First Citywide Park Summit an Overwhelming Standing Room Only Success
On April 16, 125 people from across Toronto gathered at the Evergreen Brick Works to build a network of park advocates and begin a dialogue on what is needed to strengthen our parks. The standing room only crowd included local park advocates, city councillors, city park staff, park professionals and union leadership.
During the day significant challenges were raised, great ideas put forward and important priorities laid out. But the most important element of the day was the connections people were making and the enthusiasm and energy that was built in the room. As the Torontoist reported:
“At one point during the inaugural Toronto Park Summit, a woman stood up and explained that she had a problem. There was a small park in her neighbourhood with a poorly designed drinking fountain that needed to be replaced because it was always filled with sand. "Does anyone know a good drinking fountain?" she asked. A woman two seats away nodded that she could help, leaning over to exchange information. Standing by the podium at the front, Dave Harvey smiled. "This is why we’re here," he said.”
Keynote speaker Tupper Thomas was the perfect speaker for the event. Thomas is the founder of the Prospect Park Alliance, a non-profit conservancy that helped turn Brooklyn’s 585-acre Prospect Park from a scary, neglected space into a “treasure of wilderness and recreation”. Tupper told the story of how simultaneously holding the position of both city park administrator and the head of the Alliance allowed her to build a government-community partnership that was able to bring volunteers, private investment and government funding all together to rejuvenate the park into the gem it is today.
Tupper was followed by four community park organizers from various parts of Toronto telling stories from their work in their local parks. As the Torontoist reported:
“What was shown over and over in their stories was that when you improve a neighbourhood park, you also improve the neighbourhood’s sense of community. It’s more about meeting your neighbours than it is about the park, one speaker said.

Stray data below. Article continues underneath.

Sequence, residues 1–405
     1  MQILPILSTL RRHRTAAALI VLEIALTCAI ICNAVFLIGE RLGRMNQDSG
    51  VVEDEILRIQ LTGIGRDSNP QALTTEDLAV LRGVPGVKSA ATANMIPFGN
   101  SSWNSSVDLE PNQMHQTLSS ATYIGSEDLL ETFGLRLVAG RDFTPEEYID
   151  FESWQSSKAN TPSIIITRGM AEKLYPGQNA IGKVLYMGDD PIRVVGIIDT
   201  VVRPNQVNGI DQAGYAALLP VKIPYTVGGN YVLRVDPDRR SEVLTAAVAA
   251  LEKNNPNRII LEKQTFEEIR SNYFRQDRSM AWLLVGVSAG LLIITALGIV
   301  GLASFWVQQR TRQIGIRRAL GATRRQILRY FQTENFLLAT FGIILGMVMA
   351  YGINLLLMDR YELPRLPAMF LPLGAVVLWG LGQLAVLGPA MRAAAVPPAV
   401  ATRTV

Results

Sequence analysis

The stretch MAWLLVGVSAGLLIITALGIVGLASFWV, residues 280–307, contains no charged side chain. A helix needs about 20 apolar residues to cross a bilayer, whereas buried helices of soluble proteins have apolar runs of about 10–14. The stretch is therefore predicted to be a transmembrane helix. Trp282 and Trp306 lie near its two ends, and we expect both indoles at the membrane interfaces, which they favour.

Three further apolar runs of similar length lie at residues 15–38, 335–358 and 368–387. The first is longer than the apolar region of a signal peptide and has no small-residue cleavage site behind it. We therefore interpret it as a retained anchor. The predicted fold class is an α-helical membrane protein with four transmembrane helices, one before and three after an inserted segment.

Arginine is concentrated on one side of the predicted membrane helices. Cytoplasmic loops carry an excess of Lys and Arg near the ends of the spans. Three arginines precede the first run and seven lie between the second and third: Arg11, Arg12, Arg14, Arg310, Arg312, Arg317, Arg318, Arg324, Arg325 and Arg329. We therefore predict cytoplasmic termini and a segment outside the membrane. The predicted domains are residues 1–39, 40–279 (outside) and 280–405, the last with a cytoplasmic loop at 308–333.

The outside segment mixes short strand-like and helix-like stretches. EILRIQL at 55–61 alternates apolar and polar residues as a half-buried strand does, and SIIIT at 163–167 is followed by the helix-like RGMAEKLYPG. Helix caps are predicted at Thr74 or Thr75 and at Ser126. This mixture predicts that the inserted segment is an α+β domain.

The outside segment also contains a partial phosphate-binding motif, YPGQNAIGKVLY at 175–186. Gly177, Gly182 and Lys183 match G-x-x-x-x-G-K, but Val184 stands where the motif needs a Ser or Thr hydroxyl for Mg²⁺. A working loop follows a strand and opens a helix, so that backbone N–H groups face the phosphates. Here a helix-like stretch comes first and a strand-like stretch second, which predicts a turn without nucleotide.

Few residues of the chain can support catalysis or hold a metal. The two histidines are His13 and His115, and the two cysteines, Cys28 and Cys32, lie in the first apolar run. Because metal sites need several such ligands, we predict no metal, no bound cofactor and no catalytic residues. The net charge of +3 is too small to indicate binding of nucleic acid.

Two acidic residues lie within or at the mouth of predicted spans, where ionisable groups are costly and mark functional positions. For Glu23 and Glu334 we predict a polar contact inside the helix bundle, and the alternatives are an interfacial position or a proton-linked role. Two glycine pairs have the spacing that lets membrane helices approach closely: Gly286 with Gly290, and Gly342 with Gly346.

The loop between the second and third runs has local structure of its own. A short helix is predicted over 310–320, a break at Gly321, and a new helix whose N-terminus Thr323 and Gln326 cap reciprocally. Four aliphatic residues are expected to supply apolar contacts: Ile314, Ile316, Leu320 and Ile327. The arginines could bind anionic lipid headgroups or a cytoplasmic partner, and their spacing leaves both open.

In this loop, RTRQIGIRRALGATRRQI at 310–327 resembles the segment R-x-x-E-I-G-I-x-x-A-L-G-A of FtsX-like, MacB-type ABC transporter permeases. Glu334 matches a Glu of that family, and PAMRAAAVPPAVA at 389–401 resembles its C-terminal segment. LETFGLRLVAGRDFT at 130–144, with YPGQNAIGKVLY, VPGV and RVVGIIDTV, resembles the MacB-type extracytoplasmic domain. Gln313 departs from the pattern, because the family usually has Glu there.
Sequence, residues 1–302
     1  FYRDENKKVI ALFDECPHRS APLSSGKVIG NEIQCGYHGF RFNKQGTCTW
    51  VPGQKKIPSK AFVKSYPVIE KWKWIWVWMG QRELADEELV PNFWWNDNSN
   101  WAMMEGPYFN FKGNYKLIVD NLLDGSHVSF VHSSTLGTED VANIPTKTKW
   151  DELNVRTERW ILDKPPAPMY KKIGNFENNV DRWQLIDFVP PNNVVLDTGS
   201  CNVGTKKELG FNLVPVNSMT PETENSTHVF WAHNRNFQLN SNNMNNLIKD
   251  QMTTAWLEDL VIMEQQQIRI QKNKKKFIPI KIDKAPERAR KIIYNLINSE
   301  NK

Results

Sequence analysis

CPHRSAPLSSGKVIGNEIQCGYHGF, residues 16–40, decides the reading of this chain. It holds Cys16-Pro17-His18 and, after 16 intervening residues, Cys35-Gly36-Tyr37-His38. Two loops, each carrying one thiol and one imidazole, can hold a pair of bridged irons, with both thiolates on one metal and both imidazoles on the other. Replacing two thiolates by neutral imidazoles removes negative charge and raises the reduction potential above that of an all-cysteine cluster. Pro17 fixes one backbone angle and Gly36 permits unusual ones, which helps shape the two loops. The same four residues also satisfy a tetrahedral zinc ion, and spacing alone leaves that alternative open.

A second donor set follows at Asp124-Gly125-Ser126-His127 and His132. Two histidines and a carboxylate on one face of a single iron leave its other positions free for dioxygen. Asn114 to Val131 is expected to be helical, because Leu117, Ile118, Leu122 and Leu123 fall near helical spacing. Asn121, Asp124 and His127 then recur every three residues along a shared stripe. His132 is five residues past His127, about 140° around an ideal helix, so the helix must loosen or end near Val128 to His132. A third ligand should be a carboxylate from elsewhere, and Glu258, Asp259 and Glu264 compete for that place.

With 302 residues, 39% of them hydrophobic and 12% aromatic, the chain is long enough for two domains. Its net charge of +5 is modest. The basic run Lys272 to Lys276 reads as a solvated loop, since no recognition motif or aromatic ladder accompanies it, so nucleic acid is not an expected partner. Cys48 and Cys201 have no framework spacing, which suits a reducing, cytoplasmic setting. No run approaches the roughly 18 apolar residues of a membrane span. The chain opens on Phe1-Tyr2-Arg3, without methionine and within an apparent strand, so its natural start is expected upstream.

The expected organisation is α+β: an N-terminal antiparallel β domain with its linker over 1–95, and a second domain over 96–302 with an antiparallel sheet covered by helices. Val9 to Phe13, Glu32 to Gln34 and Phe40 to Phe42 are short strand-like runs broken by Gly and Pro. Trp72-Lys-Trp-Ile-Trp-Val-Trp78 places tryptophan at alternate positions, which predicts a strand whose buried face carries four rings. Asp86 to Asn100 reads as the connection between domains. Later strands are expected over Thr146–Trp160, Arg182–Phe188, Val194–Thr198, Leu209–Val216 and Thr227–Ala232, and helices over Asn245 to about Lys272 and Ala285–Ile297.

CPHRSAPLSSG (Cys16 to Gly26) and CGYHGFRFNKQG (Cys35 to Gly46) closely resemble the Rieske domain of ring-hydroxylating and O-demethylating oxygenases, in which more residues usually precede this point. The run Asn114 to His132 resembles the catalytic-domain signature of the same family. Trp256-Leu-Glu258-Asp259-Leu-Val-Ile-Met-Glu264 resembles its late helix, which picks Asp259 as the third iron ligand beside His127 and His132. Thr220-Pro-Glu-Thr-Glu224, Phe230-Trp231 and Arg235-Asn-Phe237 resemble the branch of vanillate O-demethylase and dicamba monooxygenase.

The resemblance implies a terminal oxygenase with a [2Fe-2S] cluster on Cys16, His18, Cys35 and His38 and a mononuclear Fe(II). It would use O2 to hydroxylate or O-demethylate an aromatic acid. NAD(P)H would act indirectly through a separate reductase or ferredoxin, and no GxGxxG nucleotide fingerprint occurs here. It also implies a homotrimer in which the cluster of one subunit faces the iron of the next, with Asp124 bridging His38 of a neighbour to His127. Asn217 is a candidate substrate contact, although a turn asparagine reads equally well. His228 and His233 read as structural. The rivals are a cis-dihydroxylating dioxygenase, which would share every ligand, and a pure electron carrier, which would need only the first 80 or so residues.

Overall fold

There was the story of the man from Scarborough who organized the building of an ice rink in his park because there weren't any community rinks around, and then there was the teacher who set up fire pits outside her park's ice rink so children would have a place to drink hot chocolate, roast marshmallows, and warm up. Another woman spoke of how she was at a park in Thorncliffe Park after recently immigrating to Canada and was sad to see it in such poor condition, with patchy grass and hardly anywhere to sit. She decided to do something about it, and worked to add benches, garbage cans, and even a successful community bazaar on Fridays.”
The Summit was a beginning and not an end. The focus of the Summit was about starting a Toronto parks movement and beginning a dialogue on improving our parks – not on arriving at a detailed action plan.
It was a great start. Park People will be holding future Summits in coming years that will build on this momentum.
Many thanks to the sponsors of the event - Evergreen, Molson-Coors, Monforte Dairy, Dufferin Grove Bakers – and to the volunteers that helped make it all happen.